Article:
Both excitement and hesitation visit me as I’m driving back to Kara Tepe 2 refugee camp on Lesvos Island Greece.  I know I’ll see many familiar faces of both foreigners and refugees when I arrive.  This creates mixed feelings.  I would hope that all of the refugee friends that I had previously made would have been relocated by now but that’s not the case.

I reach camp and am greeted upon entering the clinic.  Many recognize me from my last trip a few months before.  This time I will be working as a sort of case manager for medically vulnerable patients in camp.  This means leaving the familiarity of the clinic and venturing in to see people in their current environment.

I meet my new colleague that works as an interpreter with the same organization.  We start our walk towards camp, passing many Greek facilities in small containers called Iso Boxes.  We pass around a corner that houses small temporary shelters for the covid isolation area.  People somberly milling about behind a chain link fence, greeting passerby with degraded enthusiasm.

We are walking on transplanted gravel with the Aegean Sea just to the left and the camp of sprawling tents to the right.  The Greek government has recently dug drainage ditches to prevent the nightmare flooding that occured over fall/winter/spring.  There are few bridges present to cross the ditches and overtime it will become a familiar zig zagging to find the next one.

We have been given several patients to visit today and are tasked with finding their tents.  It is somewhat organized with a map provided that is decently accurate thanks to a hardworking NGO.  My colleague and I make small talk as we attempt to locate the first tent.  He’s from Afghanistan and has been on the island for several years now, still waiting for asylum.

The refugees receive an identification number and tent number upon arrival.  This is part of the efficient management of camp.  This seems reasonable and necessary on one hand and on the other presents disturbing similarities to past tragedies.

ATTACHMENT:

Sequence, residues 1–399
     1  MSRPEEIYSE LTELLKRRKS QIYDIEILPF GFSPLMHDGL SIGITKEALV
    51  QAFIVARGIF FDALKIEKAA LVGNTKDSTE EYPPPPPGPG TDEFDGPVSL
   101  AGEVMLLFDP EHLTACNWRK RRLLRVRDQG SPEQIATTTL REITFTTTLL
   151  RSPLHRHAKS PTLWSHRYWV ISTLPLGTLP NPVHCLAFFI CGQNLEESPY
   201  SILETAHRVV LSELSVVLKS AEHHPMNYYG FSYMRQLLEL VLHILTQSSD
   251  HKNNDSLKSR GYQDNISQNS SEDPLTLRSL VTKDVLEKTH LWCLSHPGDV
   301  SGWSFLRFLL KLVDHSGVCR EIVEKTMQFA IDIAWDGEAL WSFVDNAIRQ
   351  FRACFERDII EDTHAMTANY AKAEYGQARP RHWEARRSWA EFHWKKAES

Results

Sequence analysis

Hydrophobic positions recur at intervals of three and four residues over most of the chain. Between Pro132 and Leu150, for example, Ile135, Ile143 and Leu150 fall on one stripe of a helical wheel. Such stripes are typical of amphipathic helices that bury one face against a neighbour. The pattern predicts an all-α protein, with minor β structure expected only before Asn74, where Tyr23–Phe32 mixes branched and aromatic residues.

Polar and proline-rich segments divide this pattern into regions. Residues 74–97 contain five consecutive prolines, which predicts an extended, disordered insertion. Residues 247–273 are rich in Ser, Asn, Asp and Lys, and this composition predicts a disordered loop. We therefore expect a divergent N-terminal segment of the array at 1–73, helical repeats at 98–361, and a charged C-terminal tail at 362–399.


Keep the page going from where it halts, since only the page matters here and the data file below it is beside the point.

As we’re walking along, I feel as though I’m watching the juxtaposition of the world’s complexities and simplicities having an ongoing argument.  Children whiz by me on bikes laughing gayly, mothers walking together while chatting and pushing their giggling babies, makeshift barber shops busy with customers, men sitting in circles in seemingly serious discussion.  All things I’ve seen anywhere else in the world.

My colleague and I have reached our first tent.  We “knock” on the tent door and politely give a greeting in their local language of Farsi, “Salaam”. A family member exits the tent and we explain our visit.  They kindly invite us in.  We remove our shoes at the entrance to the vestibule and leave them with all the other shoes outside.  The vestibule is a small area that I will eventually find is often used for storage and cooking.  We duck and crouch to enter the “living” space, the family is sitting on mats in a common area approximately 8 X 5 ft if being generous.  I sit and talk with the family and the patient and discuss treatment, needs and coordinating care.

They explain their situation, history, family, and journey.  I’m seeing complexitie’s argument now and I have a feeling of confusion about the world.  Didn’t I just smile at a baby and his beautiful mother that were out for a stroll?  My colleague and I thank the family in Farsi “Tashakor” and make a note to return for follow up in the coming days.

We do this several times over the next few days and the confusion only grows.  I’ve met some of the most genuine humans in the past several days and years of this work and yet the world doesn’t quite want to see them as that.

Tomorrow is another day for mothers with newborns enduring 75 degree heat with no shade, another day for a below the knee amputee to have to walk over rocky terrain and ditches hundreds of yards to use the toilet, another day that a person goes without potentially life saving treatment or surgery, another day that hundreds and hundreds of children don’t get education.  This list goes on and on with no end in sight.

I have many more weeks to come of this work and am grateful for every moment.  Sometimes I feel heavy guilt for the life I live outside of this work.  Sometimes I feel anger towards the world for our behaviour.  Sometimes I feel gratitude for every smile I receive from the people I meet and for every relationship that I build.  The world is a confusing place and it continually reminds me of that.

Photo crédit: Irene